February 09, 2006

Teachable moments

We were reading bell hooks’ memoir Bone Black. One student, an eighteen-year-old woman from a small town, did not like the book. It made her uncomfortable. The ideas and the style were very different from the books she had read in high school, the books she had been taught were the standard for what good literature was.

"I don't think it's written very well," she said. "The only reason she ever got published is because she was poor and black."

Ah, yes. She’s got a good grasp on the publishing industry. It's just so much easier to get a book published if you are poor and black.

I grew up in a conservative small town, and I know where this attitude comes from. A young person will toss a statement into a conversation without even thinking: "It's hard for a white man to get a job nowadays because of affirmative action." Someone else will nod in agreement. "When there is a job opening, it is sure to go to a black person."

"This happened where you live? All the jobs went to black people?"
"Well, all the good jobs."
"Where do you live?"
"Small Town in Middle of Nowhere."
"How many African-American kids were in your graduating class?"
"Um .... none."
"Are there any African-American families in your community?"
"Uh .... no."
"If there are no African-American people in your community, how is it possible that they are taking all the jobs?"
"Uh ...."


apstraight said...

Oh... It hurts because I so well remember being that person, not yet ready to look honestly at the mistruths I had so readily accepted (and there were some doozies).

Thank God (I mean this in every sense of the phrase) for professors who cared enough to challenge my assumptions and were willing to engage me in the untruths in order to help me see and learn...

Your students are blessed..

peripateticpolarbear said...

oh my. and of course the next question is how many black people are in that class? (and what did they think about her comment?)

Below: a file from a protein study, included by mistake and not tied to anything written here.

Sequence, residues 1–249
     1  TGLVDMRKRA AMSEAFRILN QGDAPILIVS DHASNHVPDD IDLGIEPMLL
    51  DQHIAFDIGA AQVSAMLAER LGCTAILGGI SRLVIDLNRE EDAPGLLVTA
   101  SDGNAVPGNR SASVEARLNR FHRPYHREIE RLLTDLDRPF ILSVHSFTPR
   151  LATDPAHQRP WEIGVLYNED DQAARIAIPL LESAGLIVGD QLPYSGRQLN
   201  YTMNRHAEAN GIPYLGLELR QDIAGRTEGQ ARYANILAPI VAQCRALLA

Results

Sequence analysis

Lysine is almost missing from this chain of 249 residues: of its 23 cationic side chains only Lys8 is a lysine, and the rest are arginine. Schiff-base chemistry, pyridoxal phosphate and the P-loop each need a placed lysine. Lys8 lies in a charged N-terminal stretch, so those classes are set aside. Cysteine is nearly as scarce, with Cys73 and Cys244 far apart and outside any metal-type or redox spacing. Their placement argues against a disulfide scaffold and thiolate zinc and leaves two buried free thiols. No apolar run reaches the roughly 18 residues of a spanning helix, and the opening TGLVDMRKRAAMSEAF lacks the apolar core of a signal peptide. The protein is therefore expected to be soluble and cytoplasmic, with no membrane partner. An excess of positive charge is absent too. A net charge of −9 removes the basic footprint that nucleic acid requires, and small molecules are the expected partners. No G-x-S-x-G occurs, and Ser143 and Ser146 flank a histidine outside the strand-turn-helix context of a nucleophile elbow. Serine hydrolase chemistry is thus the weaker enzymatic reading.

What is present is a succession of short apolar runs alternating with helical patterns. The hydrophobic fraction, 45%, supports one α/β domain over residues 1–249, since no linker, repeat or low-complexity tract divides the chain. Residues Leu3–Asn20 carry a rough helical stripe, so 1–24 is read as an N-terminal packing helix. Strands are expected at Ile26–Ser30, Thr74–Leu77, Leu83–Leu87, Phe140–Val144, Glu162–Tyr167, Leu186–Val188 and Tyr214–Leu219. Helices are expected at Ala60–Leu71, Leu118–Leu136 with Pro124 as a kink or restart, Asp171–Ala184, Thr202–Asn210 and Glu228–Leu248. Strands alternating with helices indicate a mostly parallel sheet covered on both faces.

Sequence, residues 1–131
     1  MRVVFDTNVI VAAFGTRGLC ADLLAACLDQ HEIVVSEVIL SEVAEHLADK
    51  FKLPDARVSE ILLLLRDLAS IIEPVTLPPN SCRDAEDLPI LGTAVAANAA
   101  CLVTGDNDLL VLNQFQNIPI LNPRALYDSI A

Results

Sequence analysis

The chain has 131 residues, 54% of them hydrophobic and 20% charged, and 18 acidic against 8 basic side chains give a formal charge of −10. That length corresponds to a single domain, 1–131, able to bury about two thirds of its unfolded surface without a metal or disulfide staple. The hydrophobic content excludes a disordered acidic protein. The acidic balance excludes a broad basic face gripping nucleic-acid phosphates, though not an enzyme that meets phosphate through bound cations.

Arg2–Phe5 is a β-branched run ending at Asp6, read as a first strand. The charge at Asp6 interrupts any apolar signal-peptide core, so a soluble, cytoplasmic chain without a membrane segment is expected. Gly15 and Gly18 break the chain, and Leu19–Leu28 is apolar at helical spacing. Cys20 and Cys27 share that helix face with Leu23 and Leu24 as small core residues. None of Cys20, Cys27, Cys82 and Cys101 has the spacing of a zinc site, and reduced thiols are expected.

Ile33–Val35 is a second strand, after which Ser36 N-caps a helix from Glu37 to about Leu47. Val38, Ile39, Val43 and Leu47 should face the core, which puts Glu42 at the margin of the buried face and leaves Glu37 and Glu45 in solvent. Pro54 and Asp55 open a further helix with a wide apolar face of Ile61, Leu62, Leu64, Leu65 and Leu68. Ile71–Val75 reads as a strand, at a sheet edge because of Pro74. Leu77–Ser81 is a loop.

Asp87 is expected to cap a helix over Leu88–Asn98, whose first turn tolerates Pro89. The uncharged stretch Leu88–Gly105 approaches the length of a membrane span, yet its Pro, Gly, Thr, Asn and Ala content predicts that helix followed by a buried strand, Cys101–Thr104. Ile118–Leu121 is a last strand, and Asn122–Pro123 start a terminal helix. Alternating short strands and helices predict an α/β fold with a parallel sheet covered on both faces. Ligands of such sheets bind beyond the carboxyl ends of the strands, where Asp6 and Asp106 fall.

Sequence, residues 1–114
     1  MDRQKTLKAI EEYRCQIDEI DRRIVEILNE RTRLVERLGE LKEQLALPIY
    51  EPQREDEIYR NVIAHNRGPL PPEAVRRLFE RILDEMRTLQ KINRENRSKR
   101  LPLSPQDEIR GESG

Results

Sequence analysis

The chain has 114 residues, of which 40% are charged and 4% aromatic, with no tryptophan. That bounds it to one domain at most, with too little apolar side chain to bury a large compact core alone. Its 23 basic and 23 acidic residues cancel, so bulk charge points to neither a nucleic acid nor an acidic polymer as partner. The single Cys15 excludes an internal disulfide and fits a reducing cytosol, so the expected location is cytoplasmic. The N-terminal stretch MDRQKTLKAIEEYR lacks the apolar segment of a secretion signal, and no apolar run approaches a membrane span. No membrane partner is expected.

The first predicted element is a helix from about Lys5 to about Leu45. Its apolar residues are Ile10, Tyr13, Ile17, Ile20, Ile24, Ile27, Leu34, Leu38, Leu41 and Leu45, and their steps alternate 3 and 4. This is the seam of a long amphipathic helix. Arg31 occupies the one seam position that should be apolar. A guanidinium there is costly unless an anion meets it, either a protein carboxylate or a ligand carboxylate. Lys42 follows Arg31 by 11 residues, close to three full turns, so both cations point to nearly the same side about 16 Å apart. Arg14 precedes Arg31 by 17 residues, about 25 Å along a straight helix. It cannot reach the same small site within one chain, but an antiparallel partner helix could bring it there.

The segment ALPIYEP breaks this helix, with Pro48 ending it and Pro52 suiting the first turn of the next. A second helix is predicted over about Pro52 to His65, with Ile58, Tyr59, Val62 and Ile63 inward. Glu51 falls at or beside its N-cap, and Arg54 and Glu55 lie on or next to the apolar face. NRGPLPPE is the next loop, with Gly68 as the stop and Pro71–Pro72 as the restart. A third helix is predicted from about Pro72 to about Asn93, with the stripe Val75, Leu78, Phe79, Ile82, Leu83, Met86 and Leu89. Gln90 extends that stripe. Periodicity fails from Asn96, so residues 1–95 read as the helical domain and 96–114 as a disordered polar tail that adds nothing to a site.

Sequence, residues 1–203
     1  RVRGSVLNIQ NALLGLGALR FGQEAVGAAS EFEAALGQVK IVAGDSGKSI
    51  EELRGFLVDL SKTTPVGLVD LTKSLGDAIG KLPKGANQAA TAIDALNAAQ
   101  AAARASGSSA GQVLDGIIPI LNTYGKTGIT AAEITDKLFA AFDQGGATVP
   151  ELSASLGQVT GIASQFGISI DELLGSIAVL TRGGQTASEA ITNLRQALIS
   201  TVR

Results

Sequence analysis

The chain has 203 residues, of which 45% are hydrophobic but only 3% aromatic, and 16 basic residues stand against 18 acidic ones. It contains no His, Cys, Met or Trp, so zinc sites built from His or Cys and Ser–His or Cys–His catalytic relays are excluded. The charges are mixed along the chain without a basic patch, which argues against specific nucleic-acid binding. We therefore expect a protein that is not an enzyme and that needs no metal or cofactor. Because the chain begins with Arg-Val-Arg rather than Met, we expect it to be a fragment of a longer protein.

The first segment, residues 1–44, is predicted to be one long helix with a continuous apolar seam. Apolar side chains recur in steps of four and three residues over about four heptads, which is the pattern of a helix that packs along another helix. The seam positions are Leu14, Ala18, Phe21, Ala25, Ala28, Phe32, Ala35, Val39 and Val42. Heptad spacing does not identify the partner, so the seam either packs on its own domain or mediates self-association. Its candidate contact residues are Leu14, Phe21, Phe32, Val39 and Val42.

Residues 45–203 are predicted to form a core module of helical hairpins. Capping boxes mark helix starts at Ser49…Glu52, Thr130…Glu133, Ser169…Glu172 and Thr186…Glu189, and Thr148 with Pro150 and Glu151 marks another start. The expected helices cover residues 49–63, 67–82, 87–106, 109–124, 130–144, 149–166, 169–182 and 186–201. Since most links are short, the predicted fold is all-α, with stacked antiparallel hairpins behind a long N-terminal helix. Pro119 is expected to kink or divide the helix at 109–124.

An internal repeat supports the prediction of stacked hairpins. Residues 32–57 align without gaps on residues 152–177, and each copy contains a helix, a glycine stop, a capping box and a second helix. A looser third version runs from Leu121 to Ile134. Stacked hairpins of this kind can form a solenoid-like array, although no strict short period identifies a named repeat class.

You're a good teacher, but of course we already knew that.

Bardiac said...

Good job.

Interesting student response, though. Usually my students find hooks very approachable, despite the fact that most of my students are white. Unfortunately, that approachability sometimes means they don't read as carefully.

Stroll said...

Nice post, I know those attitudes well, especially the idea that being black gives you a societal "sympathy" advantage in our modern times.

bell hooks is one of the authors I read in college that has stuck with me through the years that I still think about often. Her ideas about "anhedonia" in particular explained so much to me about myself (a white man) and others.

ccw said...

I've heard this before and have always wondered how that attitude sticks when there are usually only a few, if any, African American families within the small conservative communities.

I hope that your students took away the important lesson of what you were saying.

jo(e) said...

PPB: That particularly class, like many on our campus, was entirely white. And I suspect the student would have said something different if there was even one student of color in the classroom. White students in an all-white classroom feel entitled to say all kinds of things. At least it gets the ideas out into the open so we can discuss them and look at them critically.

jo(e) said...

Bardiac: My students usually do a terrific job by the time they have to write a paper on bell hooks. I think Bone Black works really well with first year students.

Some of the students do come to college with the attitude that "good literature" consists of books written by white men, and I do find some initial resistance because the memoir is unconventional. It takes some prodding to get them to see the themes woven into the book. What is nice is that I also have students who just absolutely love the book and say so enthusiastically ....

Lisa V said...

Around the time Bert and I were married Jesse Jackson was still viable in many minds as a presidential candidate. At our wedding reception there were members from both sides of our family having a conversation about this. "Well he might be a good president, but you know there is no way they (the blacks) will treat us (the whites) as good as we have treated them." Everyone nodded in agreement. Bert and I were both stunned. We both walked away saying "Yea, we treated them so well." Our only consolation was that it was at least members from both sides of our family so we had to share the load of shame together. They were all from the same all white small town.

Cleis said...